Michael Diederich

The symbolism behind permanently marking the skin is produced by some unique and very distinct practices. When we think of body modification, we immediately connect the concept with piercings and the art of tattooing in the western world. Tattooing has literally been practiced around the world for centuries. This practice dates back to the Neolithic and Paleolithic era. These markings have been found on mummies from Ancient Egypt and Ukok Plateau in Siberia. Even during the pre-Christian era, Celtic tribes and the Picts bore tattoos marked with dark blue tones of color. Tattooing was originally brought to the western culture by the Europeans. Tatau originated in Polynesia and was popular among the eighteenth century explorers. European sailors discovered this art form and it grew in popularity among them, before spreading to the western world. Tatau was later changed to Tattoo to conform to English phonology.

Tattooing that is practiced in western culture involves marking the skin with indelible ink to change its pigmentation for decorative purposes. People tattoo themselves for many reasons. Some tattoos are for decoration, whereas, others are for identification. Some tats may symbolize their love for someone here or gone, or they may depict their beliefs. Some tattoos represent rites of passage or affiliations to a specific group such as the military, or less desirable, a criminal gang. Others have devotional or spiritual connotations. Some women use tattooing for cosmetic reasons. Permanent eyeliner, lip liner, and the enhancement of eyebrows are a common practice here. Others use this process to hide flaws in the skin and to add beauty moles. Medical tattooing is utilized in reconstructive surgery and instrument placement identification. Whatever the reason we get tattoos, it is for our personal satisfaction. It is an evolving art form that utilizes bold as well as subtle fine coloring. There are many themes and styles and pigments nowadays to choose from. Our tattoos are only limited by our imagination, but it is not the only way to express ourselves. Tattooing with scarification can make an interesting canvas.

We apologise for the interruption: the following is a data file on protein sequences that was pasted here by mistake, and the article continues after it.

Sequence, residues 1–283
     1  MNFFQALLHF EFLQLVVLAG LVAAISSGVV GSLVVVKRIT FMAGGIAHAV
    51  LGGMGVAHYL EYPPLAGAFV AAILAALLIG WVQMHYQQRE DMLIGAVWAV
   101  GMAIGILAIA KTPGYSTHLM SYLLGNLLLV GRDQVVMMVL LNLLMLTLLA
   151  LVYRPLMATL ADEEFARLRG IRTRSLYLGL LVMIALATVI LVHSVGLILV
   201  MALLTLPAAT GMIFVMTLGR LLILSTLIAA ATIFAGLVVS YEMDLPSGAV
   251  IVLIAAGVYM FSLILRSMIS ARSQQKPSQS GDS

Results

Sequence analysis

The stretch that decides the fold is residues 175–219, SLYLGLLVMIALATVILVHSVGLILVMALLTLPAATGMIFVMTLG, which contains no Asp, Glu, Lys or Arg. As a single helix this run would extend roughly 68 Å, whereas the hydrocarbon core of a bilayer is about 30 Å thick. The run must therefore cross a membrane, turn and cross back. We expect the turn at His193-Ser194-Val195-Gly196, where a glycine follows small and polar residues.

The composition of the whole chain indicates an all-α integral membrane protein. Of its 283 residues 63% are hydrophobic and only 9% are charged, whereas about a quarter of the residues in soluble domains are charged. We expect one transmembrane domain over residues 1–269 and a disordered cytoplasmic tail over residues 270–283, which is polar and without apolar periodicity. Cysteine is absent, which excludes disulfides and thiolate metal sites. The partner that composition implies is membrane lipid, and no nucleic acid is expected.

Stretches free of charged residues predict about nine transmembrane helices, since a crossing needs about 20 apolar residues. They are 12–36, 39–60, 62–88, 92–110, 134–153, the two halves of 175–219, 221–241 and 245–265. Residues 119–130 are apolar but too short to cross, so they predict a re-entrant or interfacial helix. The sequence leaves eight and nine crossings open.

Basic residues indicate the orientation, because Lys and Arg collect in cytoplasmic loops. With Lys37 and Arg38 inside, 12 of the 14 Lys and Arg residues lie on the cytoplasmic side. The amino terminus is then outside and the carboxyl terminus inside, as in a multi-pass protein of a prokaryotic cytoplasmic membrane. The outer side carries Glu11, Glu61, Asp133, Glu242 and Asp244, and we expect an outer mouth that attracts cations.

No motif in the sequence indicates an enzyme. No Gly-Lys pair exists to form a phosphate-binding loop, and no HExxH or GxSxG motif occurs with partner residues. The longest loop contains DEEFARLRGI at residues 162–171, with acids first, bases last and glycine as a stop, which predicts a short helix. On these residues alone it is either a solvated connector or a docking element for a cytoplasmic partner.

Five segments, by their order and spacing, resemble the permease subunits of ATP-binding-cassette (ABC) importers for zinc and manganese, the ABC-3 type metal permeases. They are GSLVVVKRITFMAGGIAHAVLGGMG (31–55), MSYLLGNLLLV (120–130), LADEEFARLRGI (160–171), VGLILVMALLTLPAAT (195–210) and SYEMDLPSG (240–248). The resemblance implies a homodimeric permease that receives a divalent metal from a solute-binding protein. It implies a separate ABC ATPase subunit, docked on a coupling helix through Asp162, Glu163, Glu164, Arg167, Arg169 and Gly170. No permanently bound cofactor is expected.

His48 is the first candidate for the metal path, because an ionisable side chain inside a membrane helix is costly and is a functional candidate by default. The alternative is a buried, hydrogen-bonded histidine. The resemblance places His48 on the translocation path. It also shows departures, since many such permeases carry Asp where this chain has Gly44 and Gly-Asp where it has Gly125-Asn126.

The art of Ta moko is a form of utilizing pigmentation with scarification. Ta moko originates with the Maori people from New Zealand. In this practice the skin is carved by uhi or chisels to produce furrows in the dermis. Tohunga-ta-moko (moko specialists) used albatross bones of various sizes that had been shaped with mallets, to produce their instruments. Their pigments were derived from burnt timbers and soot from the Kauri gum mixed with fat to make their dyes. They used the tattoos to denote elite social classes from the poor, and for the rite of passage from childhood to adulthood. This art form fell out of practice in the 1860's, however there has been a resurgence of moko since the 1990's.

There is another form of skin marking known as cicatrix. This is call cicatrisation or scarification. This tattoo consist of a white scar that is smooth on the surface. This tattoo is more apparent on darker skinned people. It has been found on mummies in ancient Egypt. The pattern was placed around the pubic area and above the legs. It represented protection of the fetus. It was also utilized in the pre-colonial Filipino warrior to connote status. Originally, the Greek word eschora meant fireplace. Often children gathered around the fireplace and would sometimes get burned. This created a scar. In Italy the word became cicatrix. It was not the only form of scarification.

The last form is not widely used anymore. Keloid markings were used mostly by primitive people. To produce the markings, a healing wound would be re-opened and irrigated over and over to raise a scar higher and higher. This would leave a raised sometimes ugly marking. Although painful, this is still practiced today in the Sudan and New Guinea.